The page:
Saturday, 30 April 2011 20:01

Delegate authority to become more effective

Imagine for a moment that you are on a plane flying at 30,000 feet. As you cruise along, suddenly the door to the cockpit opens and the pilot walks back into the passenger compartment and starts getting drinks ready for the passengers and then leaves to deal with an unruly person in row 23. What would you think? First, you need to fly another airline. Second, why in the world is the pilot out dealing with things that are clearly the responsibilities of others?

There are two possibilities to this exaggerated example. Either the pilot isn’t very good and can’t focus on the task at hand or the people working with the pilot can’t get the job done on their own, so he has to come out and help. Either way, the plane doesn’t have anyone at the controls and the ramifications of that are very serious for everyone on board.

The answer is, probably no one, which also means your business is probably going nowhere fast, except maybe into a nosedive. The fact of the matter is, you can’t keep your business pointed in the right direction and navigate around hazards if you are distracted and forced to deal with issues that really belong to someone else. You have to have the right team to make your business ascendant.

Much like our mythical pilot described above, either the problem is you or the people who work for you. Either case requires you to take action. If the problem is you, then your management style needs to change. The only way you are going to be successful is if you start piloting your plane and leave the details to the people below you. At some point, you have to trust that they will get it done — maybe not the same way you would have done it — but done nonetheless.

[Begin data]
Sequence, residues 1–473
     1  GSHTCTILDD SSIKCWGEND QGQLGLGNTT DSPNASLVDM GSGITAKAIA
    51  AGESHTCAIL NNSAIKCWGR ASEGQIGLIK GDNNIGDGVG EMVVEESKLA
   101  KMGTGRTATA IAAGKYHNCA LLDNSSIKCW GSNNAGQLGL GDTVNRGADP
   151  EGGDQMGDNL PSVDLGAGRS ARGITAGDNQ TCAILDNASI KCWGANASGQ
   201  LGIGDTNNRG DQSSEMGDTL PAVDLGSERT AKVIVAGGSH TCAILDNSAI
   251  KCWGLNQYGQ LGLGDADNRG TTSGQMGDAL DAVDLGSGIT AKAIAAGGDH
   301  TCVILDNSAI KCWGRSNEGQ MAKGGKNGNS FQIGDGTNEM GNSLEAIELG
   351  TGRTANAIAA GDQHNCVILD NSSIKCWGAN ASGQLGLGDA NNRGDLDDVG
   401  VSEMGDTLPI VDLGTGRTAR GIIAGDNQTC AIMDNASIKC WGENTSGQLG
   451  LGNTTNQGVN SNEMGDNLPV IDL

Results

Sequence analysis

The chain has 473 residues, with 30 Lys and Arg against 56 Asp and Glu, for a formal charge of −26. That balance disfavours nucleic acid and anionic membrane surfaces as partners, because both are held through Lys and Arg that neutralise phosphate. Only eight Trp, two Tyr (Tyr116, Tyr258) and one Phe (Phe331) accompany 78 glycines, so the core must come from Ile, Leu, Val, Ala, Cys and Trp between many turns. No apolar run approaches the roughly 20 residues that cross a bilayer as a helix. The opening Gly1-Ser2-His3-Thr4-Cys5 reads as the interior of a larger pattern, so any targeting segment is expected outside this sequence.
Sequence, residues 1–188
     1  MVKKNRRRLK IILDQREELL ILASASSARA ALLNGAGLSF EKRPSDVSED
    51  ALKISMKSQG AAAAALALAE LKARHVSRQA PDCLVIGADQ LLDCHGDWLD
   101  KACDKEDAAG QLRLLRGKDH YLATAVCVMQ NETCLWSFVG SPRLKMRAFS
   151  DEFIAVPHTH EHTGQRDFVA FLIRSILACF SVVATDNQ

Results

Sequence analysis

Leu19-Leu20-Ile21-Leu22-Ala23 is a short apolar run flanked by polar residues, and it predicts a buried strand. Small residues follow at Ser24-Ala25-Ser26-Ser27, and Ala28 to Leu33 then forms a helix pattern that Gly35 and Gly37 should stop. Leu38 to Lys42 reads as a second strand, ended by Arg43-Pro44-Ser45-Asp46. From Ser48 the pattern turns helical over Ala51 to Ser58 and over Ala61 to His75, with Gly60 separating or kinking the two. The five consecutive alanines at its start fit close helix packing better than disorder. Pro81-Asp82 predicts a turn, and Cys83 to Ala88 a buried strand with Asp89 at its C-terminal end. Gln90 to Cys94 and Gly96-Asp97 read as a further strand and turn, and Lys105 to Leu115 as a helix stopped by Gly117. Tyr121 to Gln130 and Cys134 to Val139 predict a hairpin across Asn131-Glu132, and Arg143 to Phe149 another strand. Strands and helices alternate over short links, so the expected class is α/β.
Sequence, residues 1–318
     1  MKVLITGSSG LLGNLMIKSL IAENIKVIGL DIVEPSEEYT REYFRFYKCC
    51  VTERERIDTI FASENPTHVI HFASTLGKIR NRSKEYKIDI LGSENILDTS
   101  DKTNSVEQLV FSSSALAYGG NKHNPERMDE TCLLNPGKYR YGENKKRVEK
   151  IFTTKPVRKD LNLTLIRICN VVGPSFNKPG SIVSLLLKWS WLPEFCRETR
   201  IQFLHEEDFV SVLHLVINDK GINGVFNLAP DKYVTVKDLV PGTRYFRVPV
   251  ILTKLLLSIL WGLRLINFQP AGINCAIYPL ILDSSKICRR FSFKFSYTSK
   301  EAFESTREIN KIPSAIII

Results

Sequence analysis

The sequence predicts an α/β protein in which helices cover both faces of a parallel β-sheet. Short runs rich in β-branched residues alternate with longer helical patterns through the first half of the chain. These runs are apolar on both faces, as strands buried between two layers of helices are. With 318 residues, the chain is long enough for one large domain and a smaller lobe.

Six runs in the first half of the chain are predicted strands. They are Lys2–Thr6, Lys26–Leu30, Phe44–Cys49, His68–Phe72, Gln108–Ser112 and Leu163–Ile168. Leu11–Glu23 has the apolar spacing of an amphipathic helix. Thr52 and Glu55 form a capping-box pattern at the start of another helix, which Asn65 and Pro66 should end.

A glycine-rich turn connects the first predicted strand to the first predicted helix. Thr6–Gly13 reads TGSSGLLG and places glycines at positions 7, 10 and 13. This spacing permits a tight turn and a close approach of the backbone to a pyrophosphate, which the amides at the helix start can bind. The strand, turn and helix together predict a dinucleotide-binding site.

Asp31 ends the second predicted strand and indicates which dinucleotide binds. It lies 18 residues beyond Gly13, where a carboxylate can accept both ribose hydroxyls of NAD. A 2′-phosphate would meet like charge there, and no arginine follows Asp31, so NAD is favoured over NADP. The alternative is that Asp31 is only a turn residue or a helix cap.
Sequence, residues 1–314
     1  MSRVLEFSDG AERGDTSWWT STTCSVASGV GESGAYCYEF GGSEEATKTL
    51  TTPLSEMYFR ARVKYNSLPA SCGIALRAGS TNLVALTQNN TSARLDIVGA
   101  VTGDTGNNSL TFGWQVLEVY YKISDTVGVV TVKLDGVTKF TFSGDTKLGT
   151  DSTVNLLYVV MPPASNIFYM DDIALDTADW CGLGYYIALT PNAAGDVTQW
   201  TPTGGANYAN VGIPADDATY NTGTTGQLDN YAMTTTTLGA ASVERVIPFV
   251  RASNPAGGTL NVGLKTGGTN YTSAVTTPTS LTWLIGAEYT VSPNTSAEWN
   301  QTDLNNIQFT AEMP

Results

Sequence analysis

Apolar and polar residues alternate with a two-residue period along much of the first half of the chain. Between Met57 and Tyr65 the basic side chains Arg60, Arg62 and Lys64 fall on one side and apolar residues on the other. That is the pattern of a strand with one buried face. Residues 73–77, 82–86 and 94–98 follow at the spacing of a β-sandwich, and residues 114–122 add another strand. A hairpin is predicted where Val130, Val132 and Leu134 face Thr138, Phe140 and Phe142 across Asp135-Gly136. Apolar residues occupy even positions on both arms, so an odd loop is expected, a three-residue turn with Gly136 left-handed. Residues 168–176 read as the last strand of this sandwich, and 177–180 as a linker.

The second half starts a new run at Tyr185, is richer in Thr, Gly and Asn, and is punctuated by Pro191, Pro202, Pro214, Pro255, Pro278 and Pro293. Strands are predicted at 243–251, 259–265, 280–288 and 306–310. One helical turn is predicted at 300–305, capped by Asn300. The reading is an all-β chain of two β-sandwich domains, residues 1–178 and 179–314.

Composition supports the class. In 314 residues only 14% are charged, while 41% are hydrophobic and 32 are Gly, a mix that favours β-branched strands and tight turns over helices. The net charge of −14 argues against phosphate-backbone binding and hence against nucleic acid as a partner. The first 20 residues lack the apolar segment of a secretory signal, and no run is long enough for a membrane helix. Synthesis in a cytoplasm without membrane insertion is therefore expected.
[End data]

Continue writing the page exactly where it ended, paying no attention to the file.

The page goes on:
If you talk to any successful CEO about what his or her average day looks like, it typically is all about strategic planning, meeting with investors, advisers or checking in with direct reports on key initiatives. Successful CEOs will not normally mention things like going on sales calls, troubleshooting a minor project or game planning about how to improve workflow within a department.

Why don’t they mention these types of activities? Because they aren’t doing them. If they were “down in the weeds,” dealing with details, who would be piloting the company from a strategic standpoint? The moment they started getting lost in the details is the moment the company would start to drift off course, because no one was there to steer it.

If the problem is your people, then that’s another issue. If you’re trying to pilot the plane but you have no choice but to go back and remind someone for the third time that you need some key piece of information or something else that should have long since been taken care of, then you may have a people problem. If you can’t trust the people below you to get the job done and they are doing poorly enough to where it’s a distraction to you, your only choice is to make a change.

That might mean training, it might mean moving someone to a different position better suited to his or her skills, or it might mean parting ways. But you can’t jeopardize the business by wading out into the weeds while the strategy goes on autopilot.

Being CEO is never easy. It’s up to you to decide whether the problem is the pilot or the crew, but one thing is for sure, you are never going to be able to pilot a plane if you are stuck in the weeds.

Published in Akron/Canton